Kane & Lynch makes use of a cover system that adds an interesting dynamic to the Max Payne-style shootouts, giving you the ability to blind-fire and see around corners more easily. Precision aiming from behind cover is the premiere tactic of the game, which isn’t surprising, considering your survival often depends upon its extensive use. This makes it all the more frustrating when you discover how clumsy the implementation is. There is no key to activate the usage of a cover object; instead, you merely move close to one and you “take cover” automatically. While I am certain it was planned with convenience in mind, this sticky cover system is unreliable. There were times when I was under the impression that I was “taking cover” and attempted to move to the other side of an object, only to run full-speed into a slew of bullets. Even when I was properly covered, using the aim button to peek around the corner often resulted in shooting the object I was “taking cover” behind. At that point, you’ve exposed yourself to fire without the benefit of being able to return it efficiently.
Visually, Kane & Lynch is no slouch. Environments range from urban Tokyo to the jungles of Havana, and they don’t look half bad. Interiors are very detailed and it doesn’t really matter what the exteriors look like when the overactive depth of field effect blurs just about everything anyway. Character models and textures are very crisp, however, which are probably the most important in a fast-action game where you aren’t particularly interested in immersive surroundings. Destructible environments are loads of fun and the dynamic decals, namely bullet wounds, look especially good, even though they show up in funny places like a sweater hood or duffel bag. The minimalist HUD is refreshing, though I wish you could bring up the radar while moving or pin it to the top corner of the screen. Overall, the graphics are not spectacular, but on the bright side, all high settings with some AA and AF is very playable on an X1900XT.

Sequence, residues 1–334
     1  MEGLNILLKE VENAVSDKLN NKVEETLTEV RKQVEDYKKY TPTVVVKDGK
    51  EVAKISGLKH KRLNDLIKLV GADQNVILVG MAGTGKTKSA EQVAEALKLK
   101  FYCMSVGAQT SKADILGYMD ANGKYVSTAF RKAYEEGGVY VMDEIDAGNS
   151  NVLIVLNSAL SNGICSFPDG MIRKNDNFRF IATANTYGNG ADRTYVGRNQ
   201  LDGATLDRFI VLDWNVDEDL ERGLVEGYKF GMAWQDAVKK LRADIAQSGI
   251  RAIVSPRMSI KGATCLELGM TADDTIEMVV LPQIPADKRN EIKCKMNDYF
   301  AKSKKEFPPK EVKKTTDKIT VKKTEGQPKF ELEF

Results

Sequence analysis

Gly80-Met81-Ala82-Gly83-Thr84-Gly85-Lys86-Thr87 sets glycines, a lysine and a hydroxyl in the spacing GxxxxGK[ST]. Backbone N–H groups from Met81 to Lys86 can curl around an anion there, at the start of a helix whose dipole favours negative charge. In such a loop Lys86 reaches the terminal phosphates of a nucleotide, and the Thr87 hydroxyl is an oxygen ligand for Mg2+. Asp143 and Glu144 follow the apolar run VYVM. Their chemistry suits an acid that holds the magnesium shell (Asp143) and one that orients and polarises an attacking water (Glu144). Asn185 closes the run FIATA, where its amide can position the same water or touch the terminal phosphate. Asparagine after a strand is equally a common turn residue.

Something that I really enjoyed was the pure volume of neutral NPCs in each level. An early sequence in a night club touted literally hundreds of patrons on the dance floors, all ready to panic at the first gunshot. It is entirely possible to creep stealthily through the dark crowd, avoiding the flashlight-carrying guards, as you make your way to the back office. Innocent bodies inevitably drop when the firefights break out... You can choose to be careful if you were so inclined. On the topic of stealth, melee kills are achieved with Kane's signature knuckle-mounted blade. I was disappointed that you are not able to finish off wounded enemies, writhing and moaning on the ground, in this manner.
: engrossing storyline, rather enjoyable gunplay, squad commands, destructible environments, Lynch's retorts
: online co-op fell through, average graphics, flawed cover system, overzealous use of depth of field
The Verdict: 78%